Cellphones: The Science of Communication

The-Chemical-Elements-of-a-cellphones-v2

Cellphones are a necessary part of our daily lives now.  In fact, they’re so necessary that the term FOMO, or fear of missing out, has become an understood phenomenon in only three years.  Here are ten fun facts about cellphones.

10 Fun Facts about Cellphones

  1. Computing power – Cellphones have more computer power than the computers used for the Apollo 11 moon landing.
  2. Radio waves – Radio waves are essential to making phone calls. As you talk on your phone your phone converts the speakers voice into an electric signal.  Next that signal is then transmitted as radio waves before being received by the other phone. The receiving phone converts the radio wave back into sound.  Therefore, a basic mobile phone is really quite similar to a CB radio.
  3. Networks – Cellphone provides have their own networks. Cellular networks work by dividing up land into a collection of cells. Cells are hexagonal areas of land that are each equipped with their own phone mast or base station.  Those phone masts pick up the weak signal from the transmitting phone, and relays it to another phone mast close to the receiving phone. That phone mast then sends the signal to the receiving phone.
  4. Cells – There is an average of 800 radio frequencies available to individual cellphone networks.  Each individual cellphone conversation requires a frequency for transmitting and another for receiving.  Therefore, in theory, an average cellphone network can handle an average of up to 400 calls at any one time.

    However, since the cells previously mentioned can use all the 800 frequencies in each cell, even in busy areas they rarely run out of frequencies.
  5. Battery power – Luigi Galvani, an 18th-century scholar, introduced the science of batteries when he noticed dissected frog legs twitched when their muscles created a circuit with two different metals.  This began the evolution of electricity and the modern battery.
  6. Endangered elements – The manufacturing of cellphones involves over 30 elements of the period table.  They include a number of “endangered elements”, including yttrium, terbium, and dysprosium. These elements are endangered due to the high number of cellphones being thrown out. Additionally, the low number of cellphones being recycled also contributes to the scarcity.
  7. Bluetooth – Bluetooth is a short-range technology that uses radio waves to wirelessly connect with many modern devices on a daily basis.  It essentially creates a personal area network. They called it Bluetooth in honor of Harald Gormsson who unified the Danes into one kingdom and one religion.
  8. Urine power – In 2017, Bristol Robotics Lab created a way to charge cellphones using urine.  Essentially Bristol Robotics Lab’s “microbial fuel cell” contains an electro-active bacteria consuming the waste out of urine, leaving electrons as a by-product.  Those electrons can create a large amount of electricity. For instance, only 2 liters of urine can produce enough power to charge a smartphone.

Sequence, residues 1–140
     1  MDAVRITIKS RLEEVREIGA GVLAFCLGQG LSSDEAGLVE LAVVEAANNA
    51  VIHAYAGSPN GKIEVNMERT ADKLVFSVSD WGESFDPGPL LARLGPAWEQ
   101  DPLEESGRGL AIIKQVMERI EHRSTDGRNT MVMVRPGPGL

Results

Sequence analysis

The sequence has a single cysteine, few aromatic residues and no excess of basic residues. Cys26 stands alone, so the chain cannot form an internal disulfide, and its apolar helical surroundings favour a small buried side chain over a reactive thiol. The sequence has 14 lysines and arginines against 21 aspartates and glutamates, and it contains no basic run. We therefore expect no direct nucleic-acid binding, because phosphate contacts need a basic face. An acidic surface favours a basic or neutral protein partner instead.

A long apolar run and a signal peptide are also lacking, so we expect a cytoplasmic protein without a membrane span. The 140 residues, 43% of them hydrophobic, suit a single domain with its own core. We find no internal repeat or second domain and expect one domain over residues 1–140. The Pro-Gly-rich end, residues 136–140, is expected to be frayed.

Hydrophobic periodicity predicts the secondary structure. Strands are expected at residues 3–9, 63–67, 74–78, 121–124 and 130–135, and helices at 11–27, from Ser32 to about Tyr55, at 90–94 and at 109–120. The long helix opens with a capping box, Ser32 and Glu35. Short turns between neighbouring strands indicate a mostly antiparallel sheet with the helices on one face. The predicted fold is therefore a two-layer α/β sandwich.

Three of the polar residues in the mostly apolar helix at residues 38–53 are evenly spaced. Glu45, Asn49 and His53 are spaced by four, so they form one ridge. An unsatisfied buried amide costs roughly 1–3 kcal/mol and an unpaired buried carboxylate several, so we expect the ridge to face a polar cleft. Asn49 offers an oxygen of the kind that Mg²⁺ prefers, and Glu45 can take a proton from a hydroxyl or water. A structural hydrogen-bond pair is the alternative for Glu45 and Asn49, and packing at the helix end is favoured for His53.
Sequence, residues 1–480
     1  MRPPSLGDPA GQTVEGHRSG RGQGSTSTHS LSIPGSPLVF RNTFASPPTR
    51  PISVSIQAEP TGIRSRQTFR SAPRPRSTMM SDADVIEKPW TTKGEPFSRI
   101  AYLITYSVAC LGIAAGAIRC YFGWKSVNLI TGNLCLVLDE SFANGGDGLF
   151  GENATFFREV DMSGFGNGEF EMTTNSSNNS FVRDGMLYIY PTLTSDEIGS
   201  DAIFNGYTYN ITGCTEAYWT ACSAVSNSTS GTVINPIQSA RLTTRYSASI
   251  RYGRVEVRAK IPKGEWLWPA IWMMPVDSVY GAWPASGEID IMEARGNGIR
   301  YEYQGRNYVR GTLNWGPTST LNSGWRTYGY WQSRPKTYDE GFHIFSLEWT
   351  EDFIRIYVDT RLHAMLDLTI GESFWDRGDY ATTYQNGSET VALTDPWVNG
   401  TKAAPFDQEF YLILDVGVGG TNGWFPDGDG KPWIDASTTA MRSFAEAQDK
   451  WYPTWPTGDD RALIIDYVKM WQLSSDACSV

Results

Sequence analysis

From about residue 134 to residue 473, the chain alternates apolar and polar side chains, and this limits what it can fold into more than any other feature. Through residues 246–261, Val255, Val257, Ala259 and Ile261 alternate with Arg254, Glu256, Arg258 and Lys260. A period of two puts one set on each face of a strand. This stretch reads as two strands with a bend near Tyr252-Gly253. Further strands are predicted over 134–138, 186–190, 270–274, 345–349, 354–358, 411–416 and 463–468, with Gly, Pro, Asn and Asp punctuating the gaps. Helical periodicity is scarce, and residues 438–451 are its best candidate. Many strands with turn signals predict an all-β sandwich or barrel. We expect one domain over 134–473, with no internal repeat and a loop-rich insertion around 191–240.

9. GPS – Cellphones include a GPS receiver that use radio waves to pinpoint a cellphones exact location. First, the GPS receiver determines the location of at least three satellites above the cellphone GPS receiver and where the cellphone is in relation to those satellites. Next, the GPS receiver uses trilateration to determine the exact location of the cellphone. That essentially involves drawing a sphere around each satellite and finding the point on the ground where those spheres intersect.
  10. Fear of missing out – Nomophobia is the fear of being without your cellphone or losing your signal.

References

http://www.physics.org/article-questions.asp?id=82

https://www.explainthatstuff.com/cellphones.html

https://www.telegraph.co.uk/technology/0/the-science-behind-how-a-mobile-phone-works/

https://www.compoundchem.com/2014/02/19/the-chemical-elements-of-a-smartphone/

https://www.independent.co.uk/news/science/mobile-phones-elements-periodic-table-endangered-chemicals-st-andrews-a8739921.html

https://www.acs.org/content/acs/en/education/resources/highschool/chemmatters/past-issues/archive-2014-2015/smartphones.html

https://undsci.berkeley.edu/article/cellphone

https://norse-mythology.net/why-is-bluetooth-called-bluetooth/

https://www.scientificamerican.com/article/experts-how-does-bluetooth-work/

https://www.bristolroboticslab.com/bristol-bioenergy-centre

https://electronics.howstuffworks.com/gps-phone1.htm

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